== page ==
From the Cheap Seats

Tuesday, October 26

Looking In

I promised some poker content tonight so here it is along with the blogger tourney summary. Last week I had to write my self evaluation at work along with a bunch of other work. Hence, the lack of content on here recently. Anyway, writing my evaluation reminded me a lot of writing this attempt at blogging. It required me to look back at the last 12 months and figure out what I did and what I accomplished/acheived. While, this may sound fairly straightforward, I find this extraordinarily difficult. Granted it didn't help that I was playing in the blogger tournament while writing a piece of it or that I didn't have the equivalent WorkTracker to look back. The evaluation comes down to grading yourself in 4 categories along with supporting writing for why you deserve the grades you assigned yourself. In a parallel poker evaluation, what would those categories and subcategories be? I guess it would somthing like the autorate rules flying around for PokerTracker. Loose/Passiveness, Preflop aggression, post flop aggression, winning money at showdown... But that really doesn't take into account what kind of play comes natural to you. (Primate Poker had an article about this a while back.) You often hear a lot of talk about which category is best but I tend to agree with articles like that above where the best style is really the one you can do best with. As an example, there are a lot of people out there who get bored playing very tight. This type of play may eventually get to them such that they start playing their B game because they are just not having a good time. Even with discipline to remove this kind of tilt, I think that player would be most effective playing whatever suits him best. Though, that should not be a license to allow myself to go off and play poorly because it's fun. Suckouts are fun in the short term but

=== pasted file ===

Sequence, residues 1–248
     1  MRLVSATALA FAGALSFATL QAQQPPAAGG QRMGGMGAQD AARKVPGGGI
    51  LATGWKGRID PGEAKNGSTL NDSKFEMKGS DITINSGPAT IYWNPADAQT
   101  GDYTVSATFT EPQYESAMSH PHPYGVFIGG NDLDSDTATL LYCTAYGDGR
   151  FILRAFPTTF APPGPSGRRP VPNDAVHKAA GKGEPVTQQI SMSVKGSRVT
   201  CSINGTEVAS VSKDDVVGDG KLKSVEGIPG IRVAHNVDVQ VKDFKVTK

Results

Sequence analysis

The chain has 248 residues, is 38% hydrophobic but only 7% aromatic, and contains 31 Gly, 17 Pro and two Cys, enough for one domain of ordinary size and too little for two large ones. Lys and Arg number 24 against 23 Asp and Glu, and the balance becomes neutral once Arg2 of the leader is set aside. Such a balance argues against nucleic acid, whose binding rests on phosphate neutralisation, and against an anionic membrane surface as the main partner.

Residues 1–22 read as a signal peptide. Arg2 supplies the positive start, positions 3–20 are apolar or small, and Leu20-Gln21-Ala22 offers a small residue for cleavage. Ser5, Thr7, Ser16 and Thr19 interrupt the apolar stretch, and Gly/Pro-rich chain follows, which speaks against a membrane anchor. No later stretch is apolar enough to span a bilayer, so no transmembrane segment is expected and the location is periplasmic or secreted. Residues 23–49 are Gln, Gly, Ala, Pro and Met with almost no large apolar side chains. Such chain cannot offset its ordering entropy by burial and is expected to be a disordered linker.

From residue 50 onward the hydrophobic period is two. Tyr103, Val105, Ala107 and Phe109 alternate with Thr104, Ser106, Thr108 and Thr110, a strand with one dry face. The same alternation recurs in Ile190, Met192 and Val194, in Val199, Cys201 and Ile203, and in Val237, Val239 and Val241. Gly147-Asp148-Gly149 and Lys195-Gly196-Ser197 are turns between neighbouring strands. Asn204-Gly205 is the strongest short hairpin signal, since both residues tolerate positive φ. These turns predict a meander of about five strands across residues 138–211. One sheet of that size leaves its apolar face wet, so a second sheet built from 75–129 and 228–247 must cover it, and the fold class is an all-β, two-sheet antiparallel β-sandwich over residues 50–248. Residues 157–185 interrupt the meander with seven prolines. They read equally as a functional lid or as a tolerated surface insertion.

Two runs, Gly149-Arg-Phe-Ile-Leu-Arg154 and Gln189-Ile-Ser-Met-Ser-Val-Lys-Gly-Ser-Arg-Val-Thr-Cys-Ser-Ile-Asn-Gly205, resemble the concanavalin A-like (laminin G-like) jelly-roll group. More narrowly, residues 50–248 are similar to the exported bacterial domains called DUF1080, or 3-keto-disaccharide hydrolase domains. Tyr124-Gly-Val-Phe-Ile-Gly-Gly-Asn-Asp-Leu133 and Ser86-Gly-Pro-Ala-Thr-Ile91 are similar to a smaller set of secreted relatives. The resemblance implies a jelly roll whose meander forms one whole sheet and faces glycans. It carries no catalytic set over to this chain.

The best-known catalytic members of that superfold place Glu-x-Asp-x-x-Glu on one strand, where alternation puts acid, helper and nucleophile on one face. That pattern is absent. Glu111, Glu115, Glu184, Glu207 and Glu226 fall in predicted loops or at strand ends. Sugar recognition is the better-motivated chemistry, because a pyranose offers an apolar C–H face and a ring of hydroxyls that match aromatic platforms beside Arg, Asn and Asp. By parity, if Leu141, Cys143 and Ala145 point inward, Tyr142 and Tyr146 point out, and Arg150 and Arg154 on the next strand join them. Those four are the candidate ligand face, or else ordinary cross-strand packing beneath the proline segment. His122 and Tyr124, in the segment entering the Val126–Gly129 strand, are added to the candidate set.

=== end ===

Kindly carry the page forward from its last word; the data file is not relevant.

that doesn't make it my best style. For me, I tend to have a lot of fun (and win money) with a sLA-N strategy, using PokerTracker terminology. Something on the order of 20% VP$IP, 8-10% preflop raising, and middle of the road aggretion. Though, that just leaves us back with a very theoretical framework around which categories make you a good player. I think there are also a lot of softer non-stat things to consider as well.

So, in the end, what categories or criteria make a good player? Let me know what you think.